Or the Senate Committee Room or...
Like so many others, I’ve been hooked by the Supreme Court confirmation firestorm. The situation is tragic regardless of who or what you believe. Rather than debating who's right or wrong, I'd like to examine a spiritual practice that can help each of us respond.
We're fascinated by this drama because we find somebody’s behavior appalling, and really bad behavior is frightening. When groups of people become enraged a terrifying sinister energy seems to emerge. And when we feel personally endangered our own dark side - vengeful, slanted, self-protective - fights to cut loose and start swinging.
I’d just finished reading the latest wrinkle in the unfolding story when suddenly an image of Jesus walking into that room came to me. In my imaginary hearing room he wasn’t there to take the stand or to take someone’s side. He was simply being present.
The effect on me was remarkable. I immediately calmed down - not completely, but substantially. Gone was my feeling of the world rocking beneath my feet, and I could sense a peace and clarity surrounding Jesus. The scene didn’t shift my opinion about who was telling the truth. It did shift me toward compassion for everyone involved. Until that moment my compassion had been reserved for the persons I considered to be injured, while I focused my judgment, resentment and anger on the other guys. Those guys included a large portion of my fellow Americans.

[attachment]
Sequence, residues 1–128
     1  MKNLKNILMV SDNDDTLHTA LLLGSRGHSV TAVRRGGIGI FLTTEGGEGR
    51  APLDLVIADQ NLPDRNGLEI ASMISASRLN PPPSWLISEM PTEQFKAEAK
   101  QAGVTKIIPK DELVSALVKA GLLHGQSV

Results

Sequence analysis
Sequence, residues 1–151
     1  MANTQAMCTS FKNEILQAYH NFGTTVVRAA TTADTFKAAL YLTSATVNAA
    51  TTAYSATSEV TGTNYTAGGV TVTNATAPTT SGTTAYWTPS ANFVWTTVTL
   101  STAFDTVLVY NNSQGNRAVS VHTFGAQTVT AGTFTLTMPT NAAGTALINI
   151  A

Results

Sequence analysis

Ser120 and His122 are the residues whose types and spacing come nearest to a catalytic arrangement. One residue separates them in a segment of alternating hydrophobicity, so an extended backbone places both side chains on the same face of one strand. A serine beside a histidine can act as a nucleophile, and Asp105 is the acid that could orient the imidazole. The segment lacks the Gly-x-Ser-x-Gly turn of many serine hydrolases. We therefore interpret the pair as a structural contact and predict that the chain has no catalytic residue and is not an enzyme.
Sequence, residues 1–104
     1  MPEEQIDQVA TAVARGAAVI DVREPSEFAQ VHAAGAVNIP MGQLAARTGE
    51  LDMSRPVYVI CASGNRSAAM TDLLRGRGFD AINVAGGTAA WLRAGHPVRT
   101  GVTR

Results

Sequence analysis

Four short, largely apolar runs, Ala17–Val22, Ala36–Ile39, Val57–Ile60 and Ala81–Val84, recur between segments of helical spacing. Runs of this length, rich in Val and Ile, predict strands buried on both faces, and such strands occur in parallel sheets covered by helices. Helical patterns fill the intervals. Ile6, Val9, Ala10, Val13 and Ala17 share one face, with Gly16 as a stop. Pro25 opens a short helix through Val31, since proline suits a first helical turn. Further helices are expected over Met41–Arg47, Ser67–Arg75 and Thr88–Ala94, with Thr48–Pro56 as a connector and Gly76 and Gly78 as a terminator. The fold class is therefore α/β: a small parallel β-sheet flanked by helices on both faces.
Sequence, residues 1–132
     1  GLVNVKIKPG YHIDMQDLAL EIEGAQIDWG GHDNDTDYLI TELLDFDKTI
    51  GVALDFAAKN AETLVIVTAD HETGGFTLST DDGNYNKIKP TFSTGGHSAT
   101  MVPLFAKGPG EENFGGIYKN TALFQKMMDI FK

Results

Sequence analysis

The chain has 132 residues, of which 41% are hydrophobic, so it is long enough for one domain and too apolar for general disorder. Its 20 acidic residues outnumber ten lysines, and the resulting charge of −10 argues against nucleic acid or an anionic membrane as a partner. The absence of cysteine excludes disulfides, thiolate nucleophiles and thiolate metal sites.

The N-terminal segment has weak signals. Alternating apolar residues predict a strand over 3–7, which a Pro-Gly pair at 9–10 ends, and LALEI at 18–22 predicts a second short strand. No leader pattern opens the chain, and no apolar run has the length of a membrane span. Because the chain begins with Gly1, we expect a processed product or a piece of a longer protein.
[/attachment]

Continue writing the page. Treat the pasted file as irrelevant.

Regardless of what did or didn’t happen at a party 30 years ago, tragic incidents of sexual misconduct happen every day. We clearly need new awareness and revised systems to help us reduce their incidence and impact. The spiritual practice of imagining Jesus in our midst is one small tool that can help us get there.
The picture in my head showed up without my asking, but we can consciously decide to create imaginary scenes. The visitor we imagine doesn't have to be Jesus. For me as a Christian, Jesus is a spiritual touchstone. For Buddhists it might be the Buddha, for Muslims Muhammad. We can visualize a major figure in our spiritual tradition, or someone we rub shoulders with every day. The key is to choose a person of compassion and wisdom and to use our imaginations to create a vivid picture in our minds.
Visualization As Spiritual Practice
A practice is something we do on a repeated basis, usually to accomplish some result. Brushing your teeth is a practice. So is regularly checking the air in your tires or rewarding your dog's good behavior with a treat A spiritual practice is something we do on a repeated basis to call us back to our core beliefs and help us live according to them.
Athletic coaches as well as pastors and spiritual advisors teach visualization. Research demonstrates that athletes who visualize success are more likely to achieve it. Vividly imagining a spiritually-inspired scene helps anchor us in our own spiritual base. When we visualize we draw on our sense memory of sight, hearing and sometimes smell to help change our thinking and our mood.
Visualizing Jesus is a spiritual practice that helps me shift gears and see things in a new light. When I picture Jesus in a contentious scene several things predictably happen:
At their best, spiritual practices engage our whole selves - our bodies and emotions as well as our minds. When we tap into our sense memory to create an image different from the ones our overheated brains are currently cooking up, we get wiser.
And more peaceful, and compassionate, and hopeful, and...
Photo Dirksen226, Wikimedia Commons